Self promotion. What works and what doesn’t?

The idea of leaving this nice little bubble and entering the real world after my degree is scary.

What makes it even scarier is the fact that when I leave I most probably won’t have a job to walk straight into, and I will have to find one in this less-than-brilliant economic climate.

However perhaps the scariest part of it all is the level of competition I will be up against. There are all sorts of stories about what some people do to stand out from the swarm of excitable fresh graduates. It appears that a simple nicely laid out document stating your education and work experience so far is no longer adequate for a CV, with students trying to show their “blue sky thinking” (a phrase I really, really dislike) at every opportunity.

But is this what companies actually want? Do they want to have to decode your qualifications? To faff around trying to figure out how to turn your business card into a marker pen? I really don’t know. I would think being able to portray your qualifications clearly and simply would show a lot more understanding on your part as to what graphic design actually is.

Surely a CV is your first opportunity to show that you can communicate, and with each student desperate to upstage their peers, I have seen several examples of CVs where I’ve spent so long working out what each symbol or coloured line represents that it no longer fulfils its primary purpose. I would love to know what industries actually want. Do you need a ‘big idea’ for everything? Or can your portfolio demonstrate your “outside-the-box thinking” (another unfavourable phrase) after they have read your credentials with ease?

The reason I actually started that monologue was because of some rather lovely self promotion featured recently on The Dieline. I think that self promotion is an entirely different thing to a CV and it should be here where creativity should be expressed.

The idea was simple, a chocolate bar with a Willy Wonka style golden ticket. However it is her attention to detail that drew me to Charlotte Olsen‘s work. I like the simple use of ingredients to showcase what she’s “made up of” as well as the lovely best before section which reads “Best Before: Someone else snaps me up.”

The Golden Ticket also grants her future employer 10% off her wages. This added extra is quite an interesting one. With a rise in students protesting against industries offering unpaid internships this detail not only gives her prospective employer an incentive to hire her but it also clearly and politely shows an unwillingness to work for free. I’m not sure if this was intentional or whether that’s just the way it comes across but I think it was a very clever move on her part.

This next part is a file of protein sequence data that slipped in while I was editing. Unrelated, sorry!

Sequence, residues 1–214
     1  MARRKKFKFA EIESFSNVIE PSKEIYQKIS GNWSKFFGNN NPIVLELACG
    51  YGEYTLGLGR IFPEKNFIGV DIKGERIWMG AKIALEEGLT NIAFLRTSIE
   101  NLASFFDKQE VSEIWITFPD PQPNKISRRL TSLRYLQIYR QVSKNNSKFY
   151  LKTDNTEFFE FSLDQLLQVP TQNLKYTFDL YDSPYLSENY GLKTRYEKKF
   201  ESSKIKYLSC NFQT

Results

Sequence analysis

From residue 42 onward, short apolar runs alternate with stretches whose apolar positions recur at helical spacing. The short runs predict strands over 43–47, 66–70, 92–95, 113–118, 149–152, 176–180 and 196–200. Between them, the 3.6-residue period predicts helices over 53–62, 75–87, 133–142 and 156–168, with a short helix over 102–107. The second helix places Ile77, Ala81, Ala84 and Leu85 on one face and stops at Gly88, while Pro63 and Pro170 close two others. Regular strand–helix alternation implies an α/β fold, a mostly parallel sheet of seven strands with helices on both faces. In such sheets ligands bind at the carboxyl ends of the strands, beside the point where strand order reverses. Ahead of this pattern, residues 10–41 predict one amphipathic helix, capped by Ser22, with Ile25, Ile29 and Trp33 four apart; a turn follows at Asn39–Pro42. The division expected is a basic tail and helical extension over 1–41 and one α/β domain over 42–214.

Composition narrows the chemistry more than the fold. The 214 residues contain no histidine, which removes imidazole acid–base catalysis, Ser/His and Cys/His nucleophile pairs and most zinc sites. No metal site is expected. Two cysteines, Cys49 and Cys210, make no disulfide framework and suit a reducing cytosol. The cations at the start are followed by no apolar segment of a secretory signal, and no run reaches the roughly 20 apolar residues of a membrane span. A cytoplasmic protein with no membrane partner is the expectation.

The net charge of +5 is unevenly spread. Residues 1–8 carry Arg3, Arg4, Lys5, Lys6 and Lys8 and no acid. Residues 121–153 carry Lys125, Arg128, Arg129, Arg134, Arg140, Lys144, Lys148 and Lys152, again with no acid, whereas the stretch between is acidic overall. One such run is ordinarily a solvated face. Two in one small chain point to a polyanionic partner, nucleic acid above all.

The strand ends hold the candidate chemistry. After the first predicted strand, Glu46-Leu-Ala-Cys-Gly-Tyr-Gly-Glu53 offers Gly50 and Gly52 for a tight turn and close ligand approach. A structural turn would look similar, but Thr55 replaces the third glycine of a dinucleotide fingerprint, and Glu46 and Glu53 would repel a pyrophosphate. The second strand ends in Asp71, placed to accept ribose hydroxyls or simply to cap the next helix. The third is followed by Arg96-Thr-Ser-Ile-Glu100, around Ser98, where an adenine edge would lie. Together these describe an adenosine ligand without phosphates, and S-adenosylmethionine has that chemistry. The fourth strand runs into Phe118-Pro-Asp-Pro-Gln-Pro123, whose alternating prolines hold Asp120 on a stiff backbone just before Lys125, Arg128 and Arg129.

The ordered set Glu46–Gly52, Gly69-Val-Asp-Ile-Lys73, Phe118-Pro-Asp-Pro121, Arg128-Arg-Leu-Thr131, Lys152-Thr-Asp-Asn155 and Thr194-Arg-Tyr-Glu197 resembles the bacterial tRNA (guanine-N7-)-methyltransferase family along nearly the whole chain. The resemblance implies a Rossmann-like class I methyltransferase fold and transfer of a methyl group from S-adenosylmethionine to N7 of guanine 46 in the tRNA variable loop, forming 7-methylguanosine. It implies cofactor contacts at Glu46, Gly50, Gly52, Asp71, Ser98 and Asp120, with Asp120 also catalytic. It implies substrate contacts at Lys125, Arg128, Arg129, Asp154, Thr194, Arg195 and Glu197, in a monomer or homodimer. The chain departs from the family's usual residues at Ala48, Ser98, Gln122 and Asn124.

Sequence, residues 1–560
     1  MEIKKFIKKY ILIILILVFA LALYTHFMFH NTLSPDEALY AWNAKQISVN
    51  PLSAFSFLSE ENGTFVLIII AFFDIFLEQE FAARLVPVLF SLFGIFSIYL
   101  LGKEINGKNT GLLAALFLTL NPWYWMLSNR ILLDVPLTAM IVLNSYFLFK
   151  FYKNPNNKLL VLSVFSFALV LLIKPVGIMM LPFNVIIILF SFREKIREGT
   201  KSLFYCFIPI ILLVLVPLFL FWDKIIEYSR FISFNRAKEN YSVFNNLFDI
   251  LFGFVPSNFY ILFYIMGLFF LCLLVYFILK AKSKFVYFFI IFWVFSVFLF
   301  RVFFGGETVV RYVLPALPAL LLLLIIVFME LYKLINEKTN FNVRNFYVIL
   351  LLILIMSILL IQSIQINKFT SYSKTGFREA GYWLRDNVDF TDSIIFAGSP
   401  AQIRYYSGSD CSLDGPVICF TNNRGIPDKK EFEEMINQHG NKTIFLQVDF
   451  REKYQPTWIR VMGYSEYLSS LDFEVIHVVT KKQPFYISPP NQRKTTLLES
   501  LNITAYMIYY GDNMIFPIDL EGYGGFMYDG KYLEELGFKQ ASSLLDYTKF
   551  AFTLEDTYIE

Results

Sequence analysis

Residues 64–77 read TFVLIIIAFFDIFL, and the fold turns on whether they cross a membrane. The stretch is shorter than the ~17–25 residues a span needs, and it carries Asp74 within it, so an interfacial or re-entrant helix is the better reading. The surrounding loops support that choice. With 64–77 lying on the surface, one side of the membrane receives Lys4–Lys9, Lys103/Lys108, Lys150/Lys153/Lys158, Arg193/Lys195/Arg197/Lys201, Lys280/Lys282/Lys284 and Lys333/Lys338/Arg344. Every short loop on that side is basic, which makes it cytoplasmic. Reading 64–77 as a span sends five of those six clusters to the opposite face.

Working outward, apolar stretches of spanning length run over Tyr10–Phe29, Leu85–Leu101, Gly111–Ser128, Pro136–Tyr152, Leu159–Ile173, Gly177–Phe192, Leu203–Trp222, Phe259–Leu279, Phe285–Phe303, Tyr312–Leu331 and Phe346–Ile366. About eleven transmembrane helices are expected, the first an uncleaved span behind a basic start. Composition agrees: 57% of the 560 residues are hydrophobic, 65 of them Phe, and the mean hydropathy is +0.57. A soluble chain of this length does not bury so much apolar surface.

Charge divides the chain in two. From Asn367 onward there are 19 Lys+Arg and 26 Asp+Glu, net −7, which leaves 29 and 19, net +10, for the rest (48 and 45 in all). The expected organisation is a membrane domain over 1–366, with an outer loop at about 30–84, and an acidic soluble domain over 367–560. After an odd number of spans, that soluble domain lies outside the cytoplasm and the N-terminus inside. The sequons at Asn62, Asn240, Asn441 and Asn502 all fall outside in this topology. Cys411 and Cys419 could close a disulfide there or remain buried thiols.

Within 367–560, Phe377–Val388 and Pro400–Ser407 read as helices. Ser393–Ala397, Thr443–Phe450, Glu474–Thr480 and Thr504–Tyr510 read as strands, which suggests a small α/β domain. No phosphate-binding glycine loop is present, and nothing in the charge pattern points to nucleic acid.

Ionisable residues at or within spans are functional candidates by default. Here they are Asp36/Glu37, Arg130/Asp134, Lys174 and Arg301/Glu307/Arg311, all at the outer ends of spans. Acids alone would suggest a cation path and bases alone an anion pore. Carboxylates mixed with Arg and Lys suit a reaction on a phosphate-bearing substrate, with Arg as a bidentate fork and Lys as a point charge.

4 thoughts on “Self promotion. What works and what doesn’t?

  1. As somebody who receives applications from many graduate designers (8 last week from as far afield as China) I agree that CVs shouldn’t be used as ‘marketing’ pieces to sell a designers ‘blue sky’ thinking as you put it. However they should be of the highest degree of finish, with beautiful typography, perfectly laid out , with no spelling mistakes or grammatical errors. You would be surprised how many CVs I receive that look as if they have been produced with little thought, care or typographic skill. When reviewing CVs for graphic designers I look at the design before I read them, if the design is not up to scratch then I don’t read them.
    This CV should be accompanied with a thought provoking additional piece, designed to engage and catch the eye of the recipient. This piece doesn’t have to be complicated but should be personalised in some way and show a degree of research about the person it is being sent to, including that persons correct name, title and something about that persons business (my agency is based in Leicester but over 50% of applications believe us to be based in London, this shows a lack of research and results in those applications being put straight in the bin!). With the advent of the internet this information is not difficult to find but makes all the difference to the person the application is being sent to. If this piece can graphically be tied to the CV/covering letter and is an outstanding design then you have achieved the perfect package and done all you can to secure an interview!

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